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Former University coach Blount hits courts once more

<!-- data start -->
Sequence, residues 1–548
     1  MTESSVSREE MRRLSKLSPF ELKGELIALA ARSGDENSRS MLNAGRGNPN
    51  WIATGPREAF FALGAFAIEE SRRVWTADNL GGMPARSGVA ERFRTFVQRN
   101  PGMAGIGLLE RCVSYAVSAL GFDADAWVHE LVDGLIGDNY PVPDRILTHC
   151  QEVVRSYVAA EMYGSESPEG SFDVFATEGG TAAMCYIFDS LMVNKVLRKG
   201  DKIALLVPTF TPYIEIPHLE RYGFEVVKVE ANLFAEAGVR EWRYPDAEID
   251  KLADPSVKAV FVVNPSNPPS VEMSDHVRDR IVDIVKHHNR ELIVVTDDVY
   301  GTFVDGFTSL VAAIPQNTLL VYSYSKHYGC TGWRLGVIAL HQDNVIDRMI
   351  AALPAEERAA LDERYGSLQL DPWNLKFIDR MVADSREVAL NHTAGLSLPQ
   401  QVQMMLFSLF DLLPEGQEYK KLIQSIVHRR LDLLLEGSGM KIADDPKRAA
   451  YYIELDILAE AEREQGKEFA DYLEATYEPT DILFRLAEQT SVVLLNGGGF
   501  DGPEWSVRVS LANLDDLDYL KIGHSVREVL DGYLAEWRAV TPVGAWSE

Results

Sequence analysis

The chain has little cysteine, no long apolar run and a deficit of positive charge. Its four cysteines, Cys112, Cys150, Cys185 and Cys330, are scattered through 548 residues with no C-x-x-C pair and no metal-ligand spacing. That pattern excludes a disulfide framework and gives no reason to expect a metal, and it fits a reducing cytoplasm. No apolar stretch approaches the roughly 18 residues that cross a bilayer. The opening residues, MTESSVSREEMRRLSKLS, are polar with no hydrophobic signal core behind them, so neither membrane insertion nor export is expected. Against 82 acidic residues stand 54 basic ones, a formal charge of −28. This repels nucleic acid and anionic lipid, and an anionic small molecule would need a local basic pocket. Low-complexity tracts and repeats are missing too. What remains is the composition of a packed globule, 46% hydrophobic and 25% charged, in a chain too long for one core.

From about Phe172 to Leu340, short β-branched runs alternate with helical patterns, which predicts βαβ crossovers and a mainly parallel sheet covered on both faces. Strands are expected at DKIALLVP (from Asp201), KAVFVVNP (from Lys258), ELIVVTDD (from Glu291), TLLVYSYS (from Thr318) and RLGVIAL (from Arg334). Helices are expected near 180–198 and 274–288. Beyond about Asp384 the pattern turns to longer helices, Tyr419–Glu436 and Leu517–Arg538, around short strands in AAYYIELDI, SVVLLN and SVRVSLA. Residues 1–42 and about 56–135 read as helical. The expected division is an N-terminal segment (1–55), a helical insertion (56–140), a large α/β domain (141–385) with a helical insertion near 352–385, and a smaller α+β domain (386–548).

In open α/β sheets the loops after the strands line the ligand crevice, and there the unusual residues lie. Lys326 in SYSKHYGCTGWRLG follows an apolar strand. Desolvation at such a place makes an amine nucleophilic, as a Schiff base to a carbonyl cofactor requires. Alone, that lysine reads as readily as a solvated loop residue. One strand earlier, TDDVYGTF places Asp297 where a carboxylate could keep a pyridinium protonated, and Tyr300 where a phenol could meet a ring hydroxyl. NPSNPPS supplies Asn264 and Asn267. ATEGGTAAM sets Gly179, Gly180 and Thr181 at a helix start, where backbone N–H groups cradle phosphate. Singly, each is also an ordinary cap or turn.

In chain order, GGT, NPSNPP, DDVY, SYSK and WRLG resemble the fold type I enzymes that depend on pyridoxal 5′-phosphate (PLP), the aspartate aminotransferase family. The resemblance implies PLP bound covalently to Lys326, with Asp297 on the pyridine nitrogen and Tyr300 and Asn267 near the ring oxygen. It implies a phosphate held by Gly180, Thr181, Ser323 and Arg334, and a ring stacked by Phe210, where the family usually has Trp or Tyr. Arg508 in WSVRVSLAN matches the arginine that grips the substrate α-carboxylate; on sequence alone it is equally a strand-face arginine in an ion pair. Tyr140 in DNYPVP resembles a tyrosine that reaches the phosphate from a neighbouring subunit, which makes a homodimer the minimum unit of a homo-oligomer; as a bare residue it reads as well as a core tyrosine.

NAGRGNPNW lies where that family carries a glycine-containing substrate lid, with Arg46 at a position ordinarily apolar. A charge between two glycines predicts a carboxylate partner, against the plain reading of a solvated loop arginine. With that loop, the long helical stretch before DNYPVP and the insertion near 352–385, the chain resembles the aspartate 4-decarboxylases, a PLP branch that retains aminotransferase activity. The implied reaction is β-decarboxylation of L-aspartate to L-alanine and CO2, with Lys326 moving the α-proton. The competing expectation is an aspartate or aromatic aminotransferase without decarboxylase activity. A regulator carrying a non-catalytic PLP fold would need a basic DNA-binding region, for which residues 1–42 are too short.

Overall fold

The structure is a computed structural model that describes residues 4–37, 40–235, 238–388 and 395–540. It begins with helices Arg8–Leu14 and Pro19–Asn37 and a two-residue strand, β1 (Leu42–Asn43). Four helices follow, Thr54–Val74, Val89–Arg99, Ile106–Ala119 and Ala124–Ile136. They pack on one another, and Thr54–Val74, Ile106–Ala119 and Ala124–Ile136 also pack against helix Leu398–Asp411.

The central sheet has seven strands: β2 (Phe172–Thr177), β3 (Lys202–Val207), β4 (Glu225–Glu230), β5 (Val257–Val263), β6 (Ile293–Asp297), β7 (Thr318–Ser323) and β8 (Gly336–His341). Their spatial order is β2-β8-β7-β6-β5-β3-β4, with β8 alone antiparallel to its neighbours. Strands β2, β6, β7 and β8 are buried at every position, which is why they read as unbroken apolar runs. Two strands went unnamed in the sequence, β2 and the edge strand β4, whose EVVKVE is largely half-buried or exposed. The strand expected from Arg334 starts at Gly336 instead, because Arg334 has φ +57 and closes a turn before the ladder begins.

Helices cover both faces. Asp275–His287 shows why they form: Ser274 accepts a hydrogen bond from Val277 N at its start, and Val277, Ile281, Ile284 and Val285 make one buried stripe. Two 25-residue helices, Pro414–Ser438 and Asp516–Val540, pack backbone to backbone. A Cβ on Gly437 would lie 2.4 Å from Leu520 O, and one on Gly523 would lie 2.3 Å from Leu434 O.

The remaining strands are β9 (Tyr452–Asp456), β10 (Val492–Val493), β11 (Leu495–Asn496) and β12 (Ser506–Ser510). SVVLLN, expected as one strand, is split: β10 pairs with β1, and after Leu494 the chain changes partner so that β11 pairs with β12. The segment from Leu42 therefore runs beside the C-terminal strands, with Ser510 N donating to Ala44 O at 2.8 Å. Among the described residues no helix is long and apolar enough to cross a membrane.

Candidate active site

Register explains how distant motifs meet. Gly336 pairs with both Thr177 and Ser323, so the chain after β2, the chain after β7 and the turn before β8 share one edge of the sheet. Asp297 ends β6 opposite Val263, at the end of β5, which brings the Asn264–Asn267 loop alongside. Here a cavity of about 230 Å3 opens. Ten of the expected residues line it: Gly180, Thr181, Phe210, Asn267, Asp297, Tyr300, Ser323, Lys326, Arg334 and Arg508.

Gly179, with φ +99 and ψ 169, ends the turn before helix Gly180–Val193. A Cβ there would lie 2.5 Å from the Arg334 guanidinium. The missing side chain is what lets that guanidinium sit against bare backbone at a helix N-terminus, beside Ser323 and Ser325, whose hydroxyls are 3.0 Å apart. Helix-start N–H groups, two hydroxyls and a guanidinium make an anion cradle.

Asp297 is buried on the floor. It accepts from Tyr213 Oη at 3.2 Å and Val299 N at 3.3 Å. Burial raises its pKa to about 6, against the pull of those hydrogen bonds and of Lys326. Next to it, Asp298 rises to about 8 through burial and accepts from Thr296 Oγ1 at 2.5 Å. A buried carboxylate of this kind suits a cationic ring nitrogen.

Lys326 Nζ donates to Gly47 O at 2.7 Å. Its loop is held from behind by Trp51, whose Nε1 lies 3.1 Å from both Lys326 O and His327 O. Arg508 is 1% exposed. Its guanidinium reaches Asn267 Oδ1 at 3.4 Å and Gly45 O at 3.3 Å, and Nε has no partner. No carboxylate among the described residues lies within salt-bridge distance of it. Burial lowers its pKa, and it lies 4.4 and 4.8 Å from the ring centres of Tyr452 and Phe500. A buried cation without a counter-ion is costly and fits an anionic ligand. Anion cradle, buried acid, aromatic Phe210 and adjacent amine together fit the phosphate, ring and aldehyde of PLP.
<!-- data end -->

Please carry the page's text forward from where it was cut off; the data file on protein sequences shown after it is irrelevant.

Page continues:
Although it has been more than a decade since Renee Blount, a former University assistant women's tennis coach, last graced the grass courts of Wimbledon, tennis is still very much a part of her life. After a rewarding career on the Women's Professional Tennis Tour, Blount has settled down just 20 minutes east of Grounds in Fluvanna County. Without the stress of maintaining a top-100 ranking in the world, which Blount held throughout her 11-year career, she now focuses on teaching the game she loves. Blount said she and her late-husband came to Charlottesville in 1990 after searching the country for a place that combined the peace and quiet of a farm along with a small, but sophisticated city. "I needed something more than the country after coming off the women's tour," she said. In the winter of 1998 she began construction of an indoor tennis facility on her Keswick farm. Combined with her outdoor court, located atop the picturesque rolling landscape, Blount's newly-constructed facilities allow her to share her extensive tennis knowledge with players of all levels year-round. She said she learned the tradition of giving back to the game while growing up in St. Louis. "St. Louis has a rich tradition of tennis," she added. "At one time, it was discovered that seven out of the top 10 players in the world had come from there." As a junior player in St. Louis, Blount was fortunate to receive coaching from Earl Buchholz, Sr. and Richard Hudlin, who also worked with tennis legend Arthur Ashe. Being the first successful black junior tennis player since Ashe, the young Blount had the opportunity to impact her sport in a big way. She began playing tennis at the age of nine and was a champion-caliber player by the age of 12. Five years after picking up a racket for the first time, Blount was the top-ranked junior player in the highly competitive Missouri Valley Region. But her success did not come easily. Blount said practice sessions that stretched on for more than 10 hours a day during the summer meant that she could rarely put her racket down. And as a black player in a predominantly white sport, she said she faced a small amount of discrimination as a youth. With the support of Ashe, her coaches and her parents, however, Blount was able to successfully overcome the inequalities she faced. "I learned how to focus at a young age, and how to keep my mind on what I was doing and not look around me and worry, even though it did hurt," she recalled. As a junior player, Blount said she remembers dealing with discrimination from some of the white players. "Playing in the girls 12-year-old nationals, down in Little Rock, Arkansas, they would let me play in the tournament, but I was given money to go to the movies and asked not to attend the social functions that went along with the tournaments," she said. "My father insisted that I had earned the right to attend the social functions." After she continued to attend the social functions, Blount said tournament organizers threatened to move its location if she qualified the following year. "I qualified and they moved it to a different place," she said. Once she made it to the pro tour, she said she attributed any contempt that other players showed to her as part of the tour's competitive nature, and not racial prejudice. "Many of the foreign players had not seen many black people before, and I can remember the Czech players just wanted to touch my hair because they were very curious," Blount said. "I did not mind at all." Along with the professional tour came the pressure to continue to succeed at a high level.